The Untimely Demise of Boulder DIY Venue Goss House
Anna Winter (left) and Laura Conway are two of Goss House's residents.
Courtesy of Goss House
The Boulder home known as Goss House, which also functions as a music venue, studio and art gallery, is closing down. The house’s residents are being forced to leave, as the landlord elected not to renew their lease this summer. Come July, Goss House will join Astroland and Dead Leaf in Boulder DIY heaven.The final Goss show was held last week and included performances by post-punk bands Male Blonding and American Culture and electronic act Running Niwot, all of whom performed for an enthusiastic, sweaty mass of
Goss House has been a DIY staple in Boulder — a town generally too expensive and policed to allow for such a space to exist. For nearly a decade, Goss has hosted shows and exhibitions and has served as a stopping point for the artistically inclined. In typical DIY fashion, residents took advantage of a hands-off (for a time) landlord to pursue an artistic and social freedom unavailable to more tightly controlled places. “The first show I threw was a pig roast. We roasted a whole hog underground for nearly 24 hours, and this band Eats Feats played,” recalls tenant Laura Conway.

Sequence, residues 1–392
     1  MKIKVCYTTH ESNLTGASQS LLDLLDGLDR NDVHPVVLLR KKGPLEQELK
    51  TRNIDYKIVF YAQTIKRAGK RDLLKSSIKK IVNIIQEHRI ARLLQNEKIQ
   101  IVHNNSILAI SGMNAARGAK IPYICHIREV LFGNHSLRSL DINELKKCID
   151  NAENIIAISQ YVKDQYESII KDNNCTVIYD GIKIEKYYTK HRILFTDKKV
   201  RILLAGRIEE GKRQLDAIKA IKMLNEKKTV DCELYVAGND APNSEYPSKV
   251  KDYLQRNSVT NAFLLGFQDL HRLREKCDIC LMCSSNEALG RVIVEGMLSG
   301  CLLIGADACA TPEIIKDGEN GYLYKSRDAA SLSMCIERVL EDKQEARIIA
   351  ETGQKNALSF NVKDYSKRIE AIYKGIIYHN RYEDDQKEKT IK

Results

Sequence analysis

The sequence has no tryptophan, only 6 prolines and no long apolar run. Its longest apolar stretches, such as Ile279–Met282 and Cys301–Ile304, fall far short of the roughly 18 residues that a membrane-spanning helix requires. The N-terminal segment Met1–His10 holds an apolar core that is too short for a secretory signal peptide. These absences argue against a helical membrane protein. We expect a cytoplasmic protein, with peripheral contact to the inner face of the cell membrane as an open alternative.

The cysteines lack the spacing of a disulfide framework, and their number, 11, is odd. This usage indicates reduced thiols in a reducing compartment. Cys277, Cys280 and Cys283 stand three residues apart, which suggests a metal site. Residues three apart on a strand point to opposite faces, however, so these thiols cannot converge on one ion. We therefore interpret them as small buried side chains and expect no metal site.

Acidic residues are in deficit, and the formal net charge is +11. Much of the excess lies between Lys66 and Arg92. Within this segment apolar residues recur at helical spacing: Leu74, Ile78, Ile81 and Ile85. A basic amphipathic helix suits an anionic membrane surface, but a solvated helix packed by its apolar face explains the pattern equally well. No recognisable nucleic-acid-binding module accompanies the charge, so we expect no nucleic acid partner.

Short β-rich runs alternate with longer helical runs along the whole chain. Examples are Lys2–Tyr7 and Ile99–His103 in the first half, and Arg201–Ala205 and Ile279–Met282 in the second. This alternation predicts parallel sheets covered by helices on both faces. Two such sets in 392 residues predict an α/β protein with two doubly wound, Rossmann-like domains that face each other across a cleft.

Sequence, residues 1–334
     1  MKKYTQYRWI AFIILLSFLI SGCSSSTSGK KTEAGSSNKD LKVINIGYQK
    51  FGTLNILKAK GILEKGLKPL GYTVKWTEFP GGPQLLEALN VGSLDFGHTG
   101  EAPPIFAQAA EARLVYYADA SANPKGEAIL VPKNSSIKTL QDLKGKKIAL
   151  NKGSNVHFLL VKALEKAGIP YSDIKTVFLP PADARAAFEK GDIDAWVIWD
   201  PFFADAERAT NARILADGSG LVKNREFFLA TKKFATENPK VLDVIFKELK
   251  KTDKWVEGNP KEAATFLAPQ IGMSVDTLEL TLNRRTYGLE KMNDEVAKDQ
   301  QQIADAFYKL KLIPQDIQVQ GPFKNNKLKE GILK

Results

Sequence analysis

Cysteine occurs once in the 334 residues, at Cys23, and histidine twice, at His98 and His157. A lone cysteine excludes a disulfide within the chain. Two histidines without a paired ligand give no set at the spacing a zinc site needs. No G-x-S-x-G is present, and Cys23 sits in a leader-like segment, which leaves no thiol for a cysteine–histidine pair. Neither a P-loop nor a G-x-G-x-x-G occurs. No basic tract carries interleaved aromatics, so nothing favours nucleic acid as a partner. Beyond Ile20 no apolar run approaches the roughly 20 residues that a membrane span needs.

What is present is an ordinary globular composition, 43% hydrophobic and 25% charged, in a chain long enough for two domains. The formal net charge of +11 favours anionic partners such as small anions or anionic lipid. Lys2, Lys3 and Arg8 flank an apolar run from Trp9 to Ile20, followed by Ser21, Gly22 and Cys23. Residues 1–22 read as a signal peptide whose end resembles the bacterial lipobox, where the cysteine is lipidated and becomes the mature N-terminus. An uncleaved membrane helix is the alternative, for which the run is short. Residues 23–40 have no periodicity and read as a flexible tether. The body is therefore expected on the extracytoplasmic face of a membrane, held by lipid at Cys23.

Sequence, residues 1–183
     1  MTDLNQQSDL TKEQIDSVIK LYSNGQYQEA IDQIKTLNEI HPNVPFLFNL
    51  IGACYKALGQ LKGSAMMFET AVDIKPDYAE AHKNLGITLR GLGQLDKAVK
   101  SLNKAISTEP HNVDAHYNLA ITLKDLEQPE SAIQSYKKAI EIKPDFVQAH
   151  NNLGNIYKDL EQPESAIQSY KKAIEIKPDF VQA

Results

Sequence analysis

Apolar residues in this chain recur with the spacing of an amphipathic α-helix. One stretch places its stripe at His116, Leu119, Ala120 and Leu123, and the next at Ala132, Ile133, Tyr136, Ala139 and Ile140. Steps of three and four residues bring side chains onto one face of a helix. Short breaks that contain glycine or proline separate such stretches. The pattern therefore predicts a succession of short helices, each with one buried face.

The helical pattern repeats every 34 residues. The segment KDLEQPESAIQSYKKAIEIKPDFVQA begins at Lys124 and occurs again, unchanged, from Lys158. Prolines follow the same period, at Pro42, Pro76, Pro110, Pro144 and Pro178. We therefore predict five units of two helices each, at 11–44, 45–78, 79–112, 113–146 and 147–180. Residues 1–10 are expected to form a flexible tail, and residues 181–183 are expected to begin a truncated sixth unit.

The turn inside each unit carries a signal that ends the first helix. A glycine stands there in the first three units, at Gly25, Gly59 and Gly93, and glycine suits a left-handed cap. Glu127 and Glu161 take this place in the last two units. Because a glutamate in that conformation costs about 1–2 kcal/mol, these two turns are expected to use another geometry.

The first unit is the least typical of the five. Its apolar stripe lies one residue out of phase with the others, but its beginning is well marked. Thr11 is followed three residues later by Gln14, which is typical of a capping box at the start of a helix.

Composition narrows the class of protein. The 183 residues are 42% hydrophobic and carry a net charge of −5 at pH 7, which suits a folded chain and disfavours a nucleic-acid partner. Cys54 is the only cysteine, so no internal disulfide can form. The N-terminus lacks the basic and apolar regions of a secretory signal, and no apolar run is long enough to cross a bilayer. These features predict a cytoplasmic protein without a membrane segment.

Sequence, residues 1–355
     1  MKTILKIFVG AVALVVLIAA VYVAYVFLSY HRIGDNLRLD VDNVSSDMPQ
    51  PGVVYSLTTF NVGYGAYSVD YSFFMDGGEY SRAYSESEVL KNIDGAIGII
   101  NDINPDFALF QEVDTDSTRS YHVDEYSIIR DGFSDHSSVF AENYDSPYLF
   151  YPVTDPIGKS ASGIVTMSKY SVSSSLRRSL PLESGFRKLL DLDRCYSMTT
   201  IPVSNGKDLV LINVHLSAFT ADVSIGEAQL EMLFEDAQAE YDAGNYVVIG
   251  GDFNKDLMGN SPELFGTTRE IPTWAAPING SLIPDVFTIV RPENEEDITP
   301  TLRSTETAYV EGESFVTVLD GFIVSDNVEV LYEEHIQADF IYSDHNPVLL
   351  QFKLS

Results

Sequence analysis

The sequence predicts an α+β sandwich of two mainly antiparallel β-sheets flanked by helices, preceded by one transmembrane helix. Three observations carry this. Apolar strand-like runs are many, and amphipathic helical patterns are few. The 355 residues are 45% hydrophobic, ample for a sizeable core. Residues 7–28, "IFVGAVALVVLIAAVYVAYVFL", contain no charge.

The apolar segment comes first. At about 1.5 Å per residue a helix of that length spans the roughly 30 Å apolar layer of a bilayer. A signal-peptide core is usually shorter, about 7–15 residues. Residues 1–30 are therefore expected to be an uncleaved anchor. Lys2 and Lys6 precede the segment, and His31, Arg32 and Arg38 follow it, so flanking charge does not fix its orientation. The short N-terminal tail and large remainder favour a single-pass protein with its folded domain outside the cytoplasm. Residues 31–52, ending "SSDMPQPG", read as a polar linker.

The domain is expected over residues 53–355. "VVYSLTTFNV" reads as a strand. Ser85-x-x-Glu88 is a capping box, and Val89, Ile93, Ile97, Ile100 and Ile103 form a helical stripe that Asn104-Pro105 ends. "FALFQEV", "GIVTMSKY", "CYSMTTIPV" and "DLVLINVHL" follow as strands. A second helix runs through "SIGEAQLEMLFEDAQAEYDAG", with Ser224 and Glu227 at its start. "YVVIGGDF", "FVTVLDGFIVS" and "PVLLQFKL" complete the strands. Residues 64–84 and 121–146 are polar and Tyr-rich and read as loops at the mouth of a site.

The ability to pursue that “ritualistic feast preparation” — which took two days of constant attention — is a prime example of what gives DIY spaces their special flavor. Conway concurs: “That firmly was in the spirit of utilizing the freedom of this house. You can’t roast swine underground in most rentals.”
At a place like Goss House, artists save money by combining their living and working spaces, which in turn enables them to stage productions, such as the hog roast, that are motivated less by profit and more by the opportunity to creatively transform their surroundings and throw crazy, weird parties.
Along with housemate Anna Winter, Conway also staged Staycation in December 2014, which consisted of a complete remodel of the house into an art gallery — bedrooms and bathrooms included. The pair solicited and received local, national and international submissions in
They may have pushed it too far. For Staycation, Conway and Winter remade the attic as well, turning it into a makeshift theater. This attracted the ire of their landlord, who witnessed them cleaning out the attic from a nearby property. He subsequently threatened to sue and evict Conway, the sole leaseholder on the property,
Despite these trials, Conway, Winter and the rest of the Goss House residents and spectators were in good humor at the final show, proving that people will find a way to party and create no matter what. “Living in the house has helped me learn that I want to be and go crazy — artistically, socially, and in every way,” says Winter. “We have to move out as part of an eviction agreement, but this is not the end of anything creatively; it’s just the end of one kind of shelter. It isn’t the finalization of anything.”
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